But when I deliver the whole package, I think they’re much happier with what I do and in my work lately, I’ve been doing less one off photo shoots or videos and doing full campaigns where we have a very specific fundraising goal and a sort of list of media. And I think that makes an environment where it’s a little bit easier to deliver extras because you’re there for a little bit longer and in your sort-of downtime you know they like this kind of imagery and you’re in the place already and it’s happening all around you so if you’re not doing an interview for a video, you’re having your and you see this great interaction happen you just flip around and get it. And then that’s a little extra something in their campaign that a lot of times that’s the stuff that ends up getting used. It’s not the specific deliverable that they gave me the list, which I did deliver, but sometimes it gives me the opportunity to be more creative and make something that they love.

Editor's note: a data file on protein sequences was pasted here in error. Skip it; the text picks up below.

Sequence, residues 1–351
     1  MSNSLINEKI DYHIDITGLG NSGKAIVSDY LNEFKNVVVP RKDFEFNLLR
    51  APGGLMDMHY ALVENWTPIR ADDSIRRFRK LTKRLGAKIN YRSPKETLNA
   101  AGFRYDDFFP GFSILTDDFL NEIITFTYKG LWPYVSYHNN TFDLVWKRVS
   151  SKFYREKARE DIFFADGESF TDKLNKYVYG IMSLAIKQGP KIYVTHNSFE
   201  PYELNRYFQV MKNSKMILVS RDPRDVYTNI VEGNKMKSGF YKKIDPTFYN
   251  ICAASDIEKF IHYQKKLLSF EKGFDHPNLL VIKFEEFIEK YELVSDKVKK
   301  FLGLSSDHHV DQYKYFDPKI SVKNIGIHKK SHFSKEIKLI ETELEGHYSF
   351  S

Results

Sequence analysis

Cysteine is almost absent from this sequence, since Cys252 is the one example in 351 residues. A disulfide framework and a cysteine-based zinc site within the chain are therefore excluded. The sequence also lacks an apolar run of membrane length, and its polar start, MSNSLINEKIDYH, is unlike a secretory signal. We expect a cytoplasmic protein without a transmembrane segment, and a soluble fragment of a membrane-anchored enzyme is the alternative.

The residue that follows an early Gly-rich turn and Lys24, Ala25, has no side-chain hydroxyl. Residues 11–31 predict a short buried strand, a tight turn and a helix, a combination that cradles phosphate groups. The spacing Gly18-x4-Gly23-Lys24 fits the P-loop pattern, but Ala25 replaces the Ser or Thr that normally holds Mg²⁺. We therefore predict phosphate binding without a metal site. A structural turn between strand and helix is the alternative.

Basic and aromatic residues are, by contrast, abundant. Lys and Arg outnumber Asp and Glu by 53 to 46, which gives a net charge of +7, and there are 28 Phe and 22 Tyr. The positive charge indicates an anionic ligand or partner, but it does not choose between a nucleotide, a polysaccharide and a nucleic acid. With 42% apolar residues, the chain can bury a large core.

And that is, I think, the next level of successful collaboration, which is you having a fundamental understanding of the organization and their needs and their wants and also what works for their audience.
I mean, we have a whole blog post on understanding your audience, but when you work with a client for a really long time, you know what works for them and that means you can make great media, and that’s exciting. That’s the part we all want to get to in our careers.
I think a lot of photographers, especially, express frustration to me because they’re like, “The nonprofit doesn’t…. they don’t appreciate my work and I gave them these amazing photos and then they just sit on a hard drive somewhere. And nobody ever looks at ’em or touches them.” And I get that. But the truth is that you have to make photographs that the organization needs, not just beautiful photographs that you love. And so you have to find that balance.